Heading towards Reality, I think. At least in my country, the Netherlands. Let me tell you a little bit about how it works over here. It’s mainly about cats. I’d like to add that I’ve written this with the information I received from the Animal Protection alliance and info from shelter workers. This is what *I* know & think, it’s not an official statement. Please respond if your opinion differs!
The main animal protection authority is called Dierenbescherming (just means animals’ protection) and most of the official shelters (about 53) carry their trademark. That means they have a very strict policy towards euthanasia: it’s only allowed when an animal is suffering so bad from medical conditions that there’s no quality of life anymore. Just like you would do for your own pet, as the very last and ultimate option.
These shelters put lots of effort and money in keeping the animals healthy and happy.
These shelters, and also the shelters that don’t have the trademark (often has to do with lack of money to build better facilities, not because those are bad shelters), are connected to local authorities. There’s a budget in every town (sometimes high, sometimes lower) to provide for a certain amount of shelter animals. When the shelters are overcrowded (unwanted kittens, animals dumped when people go on vacation), they try to find another shelter that can take those. And often they take in more animals than they should, temporarily. Which makes the chance of diseases spreading worse, I must say.
Although there is a budget, it’s not sufficient. Shelters and Dierenbescherming depend on donations. Lots of donations, because the funds the local authorities have to give are only enough to supply a 2-week stay per animal. Some authorities stick to that minimum, others do lots more. Really varies.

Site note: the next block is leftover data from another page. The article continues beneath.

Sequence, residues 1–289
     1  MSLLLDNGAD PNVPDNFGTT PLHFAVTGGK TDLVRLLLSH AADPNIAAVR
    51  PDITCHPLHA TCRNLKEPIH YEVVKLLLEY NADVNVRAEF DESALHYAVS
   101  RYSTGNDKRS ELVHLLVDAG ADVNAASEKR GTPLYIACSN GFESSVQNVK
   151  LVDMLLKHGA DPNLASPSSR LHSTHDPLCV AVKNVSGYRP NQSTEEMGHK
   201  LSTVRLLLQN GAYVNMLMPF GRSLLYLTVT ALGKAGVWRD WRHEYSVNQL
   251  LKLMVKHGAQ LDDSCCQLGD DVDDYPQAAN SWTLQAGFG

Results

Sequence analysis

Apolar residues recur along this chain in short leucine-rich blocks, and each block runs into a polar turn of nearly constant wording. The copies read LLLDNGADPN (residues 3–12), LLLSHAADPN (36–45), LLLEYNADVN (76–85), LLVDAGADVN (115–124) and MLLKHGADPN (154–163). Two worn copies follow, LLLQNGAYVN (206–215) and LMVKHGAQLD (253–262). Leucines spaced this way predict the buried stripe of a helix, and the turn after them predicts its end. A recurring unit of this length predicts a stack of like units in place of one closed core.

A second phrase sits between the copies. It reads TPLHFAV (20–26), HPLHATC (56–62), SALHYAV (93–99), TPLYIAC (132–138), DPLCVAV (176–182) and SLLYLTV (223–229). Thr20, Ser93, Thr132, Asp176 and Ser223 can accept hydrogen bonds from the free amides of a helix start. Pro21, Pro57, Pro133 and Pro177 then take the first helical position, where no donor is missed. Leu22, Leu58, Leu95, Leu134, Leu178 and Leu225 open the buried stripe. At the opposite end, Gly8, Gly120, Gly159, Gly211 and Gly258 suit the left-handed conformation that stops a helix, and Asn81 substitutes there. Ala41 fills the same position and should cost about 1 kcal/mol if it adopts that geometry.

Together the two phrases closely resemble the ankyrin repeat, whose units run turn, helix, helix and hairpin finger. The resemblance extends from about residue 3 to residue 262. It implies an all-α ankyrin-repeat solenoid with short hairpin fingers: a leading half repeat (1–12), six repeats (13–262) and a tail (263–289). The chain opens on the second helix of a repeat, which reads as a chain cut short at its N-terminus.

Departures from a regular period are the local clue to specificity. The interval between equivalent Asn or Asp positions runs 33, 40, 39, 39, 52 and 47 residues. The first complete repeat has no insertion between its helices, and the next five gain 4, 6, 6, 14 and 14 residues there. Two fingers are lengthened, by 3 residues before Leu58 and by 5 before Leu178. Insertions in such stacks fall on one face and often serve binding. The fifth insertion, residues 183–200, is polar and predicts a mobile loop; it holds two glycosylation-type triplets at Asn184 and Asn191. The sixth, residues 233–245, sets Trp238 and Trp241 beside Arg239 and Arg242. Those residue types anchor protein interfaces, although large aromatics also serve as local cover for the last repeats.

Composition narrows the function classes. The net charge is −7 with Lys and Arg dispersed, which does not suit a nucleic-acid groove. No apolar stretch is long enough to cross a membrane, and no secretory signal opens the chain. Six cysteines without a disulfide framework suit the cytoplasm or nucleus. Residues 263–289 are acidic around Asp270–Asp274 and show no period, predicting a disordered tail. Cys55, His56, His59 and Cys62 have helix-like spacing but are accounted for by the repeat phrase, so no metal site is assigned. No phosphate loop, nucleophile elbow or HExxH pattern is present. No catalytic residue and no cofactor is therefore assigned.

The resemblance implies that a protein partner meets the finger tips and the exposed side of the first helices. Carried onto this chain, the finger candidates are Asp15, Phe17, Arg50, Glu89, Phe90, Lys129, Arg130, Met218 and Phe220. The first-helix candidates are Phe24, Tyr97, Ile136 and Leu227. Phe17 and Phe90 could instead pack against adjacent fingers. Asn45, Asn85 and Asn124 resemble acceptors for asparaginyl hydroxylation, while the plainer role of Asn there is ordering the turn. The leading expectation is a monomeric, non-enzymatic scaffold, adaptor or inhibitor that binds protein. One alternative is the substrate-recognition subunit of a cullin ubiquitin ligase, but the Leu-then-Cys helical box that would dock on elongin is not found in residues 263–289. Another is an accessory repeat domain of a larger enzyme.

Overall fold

Another way to get funds is the money people both have to pay when they have their animals placed in a shelter and when they want to adopt. Adult animals that get adopted are all neutered, kittens come with a voucher to have them neutered at 6 months. It’s still a discussion in this country what the earliest age is to spay or neuter. Might change to a lower age, that’s a much better guarantee to prevent unwanted pregnancies – in my humble opinion.
When I adopted my Munchkin from a shelter, he came with a voucher. The voucher wasn’t accepted at my local vet, so plenty of room to improve that system!
Still there are too many homeless animals in the Netherlands, just as in other countries. One of the initiatives that tries to help, is the Trap, Neuter, Release programme. Mostly done by private persons and activists and there isn’t much funding available. These cats stay feral and not in the best conditions (sometimes people are asked to have one of those placed in their area, so they can feed them and take an eye on health issues), but at least the population won’t grow as fast anymore.
Just like in the USA, there are foster homes (also private persons) that take care of the very young kittens, to bottle feed them and to get them used to people. The same families also take care of litters including the mother cat, to socialize both kittens and moms.
Last but not least: there are several shelters for cats that are left over in shelters. Old cats, cats with behavior problems, with handicaps, with chronic diseases or other challenges. They’re taken care of very well and of course this type of shelter is strictly no-kill as well.
“My” cause/charity is a shelter like that. My next blog entry will be about it.
Conclusion? The shelters over here do have a no-kill policy, it’s the standard. But our country isn’t Paradise for cats. There might be more problems in the future and yes, we’re worried about that.
At least, now you know a little bit more about shelter policies in this tiny corner of the world.